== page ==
Charles Koch also was thrilled with the success of the Regulus 2, KD2U flight. He received his coveted missile flown covers back on September 6, 1959, mailed back to him by U.S. Air Force personnel recovering his covers from the flown missile. Koch is very lucky and very happy.

Koch's Regulus 2, KD2U missile flown covers presented in this article for the U.S. Air Force rocket intercept test with a Bomarc missile from the Eglin Gulf Test Range exist only in very small numbers and are very difficult to find. The flight did happen, though, and the covers are findable. The covers were flown without great fanfare by a novice space cover collector in the early days of the U.S. Space Program when a man on a mission with a little bit of luck could fly his prized space covers on a U. S. Air Force missile.

DOX32
Member

Posts: 218
From: Lakewood Ranch FL USA
Registered: Jul 2004

posted 02-23-2014 04:08 PM     Click Here to See the Profile for DOX32   Click Here to Email DOX32     Edit/Delete Message   Reply w/Quote
Steve a great discussion of an interesting event.

How many of the 12 covers were signed versus unsigned? As you know, the one I have is unsigned.

Excellent discussion.

I have three sets of photographs taken during the launch of this missile from Venice. Anyone who has the cover, but not the photos, send me an email, as I have at least two sets of extras.

DOX32
Member

Posts: 218
From: Lakewood Ranch FL USA
Registered: Jul 2004

posted 02-23-2014 07:47 PM     Click Here to See the Profile for DOX32   Click Here to Email DOX32     Edit/Delete Message   Reply w/Quote
Just one set of photos now available so send me a email.

stevedd841
Member

Posts: 192
From: millersville, maryland, usa
Registered: Jul 2004

posted 02-24-2014 03:23 PM     Click Here to See the Profile for stevedd841   Click Here to Email stevedd841     Edit/Delete Message   Reply w/Quote
Woody, thanks for your comments. These Charles Koch covers are quite a surprise to many of us who scour those dollar boxes looking for everyday covers other people may have overlooked!

All of the covers with Koch's stenciled cachet whether cancelled or not are flown covers. That's the first surprise many of us make.

Signed covers, signed by the pilot/missile controller, are an even greater rarity and command quite a premium. A signed cover by Jerry Parsons, pilot/missile controller, sold for $4,715 in a recent Harmer-Schau auction, auction 94. Wow! That is definitely a surprise worth looking for.

Ken Havekotte
Member

Posts: 1946
From: Merritt Island, Florida, Brevard
Registered: Mar 2001

posted 02-24-2014 05:18 PM     Click Here to See the Profile for Ken Havekotte   Click Here to Email Ken Havekotte     Edit/Delete Message   Reply w/Quote
Interesting topic and great cover find(s)!

Do we know if Charles Koch worked on other carried/flown cover projects "of his day?"

His flown Regulus II intercept missile test flight covers took place in Sept. 1959, just a few short months after the famous "First Official Missile Mail" flown cover project was conducted using a Regulus I training guided missile fired from the missile-launched submarine USS Barbero.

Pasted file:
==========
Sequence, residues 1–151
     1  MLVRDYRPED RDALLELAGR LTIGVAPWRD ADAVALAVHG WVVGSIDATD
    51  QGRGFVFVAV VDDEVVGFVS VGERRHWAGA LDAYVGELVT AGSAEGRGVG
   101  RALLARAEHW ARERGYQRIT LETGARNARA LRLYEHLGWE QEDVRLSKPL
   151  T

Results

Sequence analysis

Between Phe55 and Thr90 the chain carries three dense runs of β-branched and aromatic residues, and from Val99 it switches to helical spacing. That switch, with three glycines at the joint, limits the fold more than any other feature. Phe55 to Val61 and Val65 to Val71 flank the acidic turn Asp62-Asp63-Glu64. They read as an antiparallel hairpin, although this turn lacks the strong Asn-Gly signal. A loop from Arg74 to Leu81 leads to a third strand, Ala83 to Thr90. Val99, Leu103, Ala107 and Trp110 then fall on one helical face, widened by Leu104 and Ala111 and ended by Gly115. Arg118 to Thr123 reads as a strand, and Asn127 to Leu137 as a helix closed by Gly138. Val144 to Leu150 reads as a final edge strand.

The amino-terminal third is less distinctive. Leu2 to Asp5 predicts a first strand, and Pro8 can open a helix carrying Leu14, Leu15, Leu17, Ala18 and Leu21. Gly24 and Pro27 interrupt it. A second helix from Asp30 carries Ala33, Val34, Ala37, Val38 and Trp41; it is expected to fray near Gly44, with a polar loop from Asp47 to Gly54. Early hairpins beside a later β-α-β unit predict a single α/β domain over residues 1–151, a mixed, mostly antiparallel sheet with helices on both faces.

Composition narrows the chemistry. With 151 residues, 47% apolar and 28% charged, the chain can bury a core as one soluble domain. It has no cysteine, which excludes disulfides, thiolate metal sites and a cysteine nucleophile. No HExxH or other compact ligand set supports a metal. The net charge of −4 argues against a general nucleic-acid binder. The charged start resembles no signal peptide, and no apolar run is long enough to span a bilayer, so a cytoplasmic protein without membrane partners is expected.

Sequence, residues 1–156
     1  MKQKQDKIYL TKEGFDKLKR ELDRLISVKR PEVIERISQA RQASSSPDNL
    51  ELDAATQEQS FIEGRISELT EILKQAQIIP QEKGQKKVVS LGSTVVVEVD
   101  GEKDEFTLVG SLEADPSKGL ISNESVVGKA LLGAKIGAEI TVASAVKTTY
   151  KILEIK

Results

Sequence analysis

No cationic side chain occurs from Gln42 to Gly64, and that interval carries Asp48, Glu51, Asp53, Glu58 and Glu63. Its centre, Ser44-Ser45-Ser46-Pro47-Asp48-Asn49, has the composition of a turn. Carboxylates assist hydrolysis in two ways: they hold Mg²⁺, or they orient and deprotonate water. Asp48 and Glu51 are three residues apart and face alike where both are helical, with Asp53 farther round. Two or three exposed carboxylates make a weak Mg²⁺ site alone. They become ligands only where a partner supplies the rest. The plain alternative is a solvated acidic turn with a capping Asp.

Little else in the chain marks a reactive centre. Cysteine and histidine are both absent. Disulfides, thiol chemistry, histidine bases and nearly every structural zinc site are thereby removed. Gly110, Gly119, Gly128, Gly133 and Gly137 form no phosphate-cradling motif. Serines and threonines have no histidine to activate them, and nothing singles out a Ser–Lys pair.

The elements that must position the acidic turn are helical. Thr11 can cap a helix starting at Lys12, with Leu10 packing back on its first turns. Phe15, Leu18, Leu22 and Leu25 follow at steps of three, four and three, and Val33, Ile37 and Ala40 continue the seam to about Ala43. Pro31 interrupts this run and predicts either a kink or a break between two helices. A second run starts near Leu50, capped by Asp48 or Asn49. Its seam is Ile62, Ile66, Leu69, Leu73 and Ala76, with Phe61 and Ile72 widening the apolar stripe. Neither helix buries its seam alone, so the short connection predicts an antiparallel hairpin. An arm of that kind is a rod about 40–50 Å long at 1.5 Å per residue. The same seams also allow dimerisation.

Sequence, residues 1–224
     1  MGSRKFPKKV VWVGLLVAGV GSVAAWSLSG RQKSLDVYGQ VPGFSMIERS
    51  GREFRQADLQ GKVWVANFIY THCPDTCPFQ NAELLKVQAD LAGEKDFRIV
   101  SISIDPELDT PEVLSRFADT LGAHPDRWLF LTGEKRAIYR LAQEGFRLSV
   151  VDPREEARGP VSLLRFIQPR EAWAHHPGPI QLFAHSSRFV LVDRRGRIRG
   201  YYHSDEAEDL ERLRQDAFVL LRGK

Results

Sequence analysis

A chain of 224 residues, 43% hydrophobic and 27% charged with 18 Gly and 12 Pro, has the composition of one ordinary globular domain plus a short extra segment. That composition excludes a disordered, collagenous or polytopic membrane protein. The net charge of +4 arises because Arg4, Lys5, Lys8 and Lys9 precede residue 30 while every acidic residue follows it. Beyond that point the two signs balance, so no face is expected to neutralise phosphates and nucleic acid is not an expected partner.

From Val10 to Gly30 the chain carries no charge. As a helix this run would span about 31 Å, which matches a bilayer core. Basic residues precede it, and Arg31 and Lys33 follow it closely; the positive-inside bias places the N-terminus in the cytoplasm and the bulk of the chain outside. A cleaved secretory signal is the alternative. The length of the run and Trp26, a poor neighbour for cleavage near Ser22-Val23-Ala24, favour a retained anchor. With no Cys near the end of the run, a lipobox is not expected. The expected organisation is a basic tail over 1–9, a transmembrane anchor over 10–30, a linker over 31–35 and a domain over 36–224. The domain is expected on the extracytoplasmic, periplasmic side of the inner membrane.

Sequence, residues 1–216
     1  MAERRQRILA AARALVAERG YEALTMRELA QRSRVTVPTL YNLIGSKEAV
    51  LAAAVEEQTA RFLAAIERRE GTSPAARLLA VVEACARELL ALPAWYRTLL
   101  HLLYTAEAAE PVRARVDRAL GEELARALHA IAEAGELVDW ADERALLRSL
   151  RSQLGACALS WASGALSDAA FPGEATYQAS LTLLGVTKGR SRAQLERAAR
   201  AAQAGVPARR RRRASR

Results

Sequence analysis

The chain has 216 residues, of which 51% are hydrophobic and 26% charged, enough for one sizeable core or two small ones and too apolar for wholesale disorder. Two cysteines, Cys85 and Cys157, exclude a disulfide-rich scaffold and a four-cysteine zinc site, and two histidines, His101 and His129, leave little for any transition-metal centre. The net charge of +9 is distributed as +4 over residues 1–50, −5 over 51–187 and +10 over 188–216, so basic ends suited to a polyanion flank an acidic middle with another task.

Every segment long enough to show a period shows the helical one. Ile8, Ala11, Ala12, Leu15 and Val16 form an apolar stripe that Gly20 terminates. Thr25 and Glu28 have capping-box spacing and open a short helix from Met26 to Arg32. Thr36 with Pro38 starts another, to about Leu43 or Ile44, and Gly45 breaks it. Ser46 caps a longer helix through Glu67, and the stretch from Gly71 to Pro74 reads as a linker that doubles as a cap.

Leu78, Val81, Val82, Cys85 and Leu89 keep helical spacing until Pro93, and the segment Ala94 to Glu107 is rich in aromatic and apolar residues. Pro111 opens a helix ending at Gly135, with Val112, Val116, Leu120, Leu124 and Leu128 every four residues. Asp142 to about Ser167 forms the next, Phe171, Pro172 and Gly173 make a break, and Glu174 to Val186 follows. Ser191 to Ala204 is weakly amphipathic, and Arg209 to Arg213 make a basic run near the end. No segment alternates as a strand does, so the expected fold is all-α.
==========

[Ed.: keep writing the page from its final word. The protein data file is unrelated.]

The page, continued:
albatron
Member

Posts: 2161
From: Stuart, Florida, USA
Registered: Jun 2000

posted 02-24-2014 09:17 PM     Click Here to See the Profile for albatron   Click Here to Email albatron     Edit/Delete Message   Reply w/Quote
What an excellent story! Thanks! I'm curious though, 1500 mile flight? I realize it went westerly somewhat but even driving mileage is not quite 500.

Thanks for the story!

Ken Havekotte
Member

Posts: 1946
From: Merritt Island, Florida, Brevard
Registered: Mar 2001

posted 02-25-2014 06:40 AM     Click Here to See the Profile for Ken Havekotte   Click Here to Email Ken Havekotte     Edit/Delete Message   Reply w/Quote
As you pointed out, Al, it would seem the missile flight from Florida's Venice to Eglin AFB would only be a few hundred miles.

Perhaps the 1,500 mile figure, overall, was the max operational range of a Regulus II guided missile, which can travel more than 1,000 nautical miles. Without doing the math, does 1,000 nautical miles equal about 1,500 miles?

stevedd841
Member

Posts: 192
From: millersville, maryland, usa
Registered: Jul 2004

posted 02-26-2014 02:18 PM     Click Here to See the Profile for stevedd841   Click Here to Email stevedd841     Edit/Delete Message   Reply w/Quote
Al and Ken, many thanks for adding to my posting and yes, I agree with your comments, the 1,500 mile range is excessive.

I referred back to my notes from 2011 and think I picked up the error in researching Charles Koch's papers for an earlier article written for the "Astrophile." In rechecking the trajectory of the missile, the intercept with the Bomarc intercept missile occurred approximately 250 miles from Venice over the Gulf in open waters as a nondestructive test intercept. The missile then would have continued another 250 miles to end its flight and land at Eglin Air Force Base, east of Pensacola.

This, transit then in total would have been 500 statute miles, and would have made sense. Please excuse my error in not catching this and thanks.

Ken, in answer to your other question about these tests, Koch had covers flown on five Regulus 2 flights as known from a notarized statement he made. I have flown covers from missile tests 1 and 5 and an unknown flown test cover possibly from the Regulus II 2, 3, or 4, test. This cover, though, is not cancelled or signed.

Here's a scan of the flown cover for test number 5 from the test covers and signed by the pilot/missile controller.

All times are CT (US)

next newest topic | next oldest topic

Administrative Options: Close Topic | Archive/Move | Delete Topic
Post New Topic  Post A Reply
Hop to:

Contact Us | The Source for Space History & Artifacts

Copyright 1999-2014 collectSPACE.com All rights reserved.


Ultimate Bulletin Board 5.47a





advertisement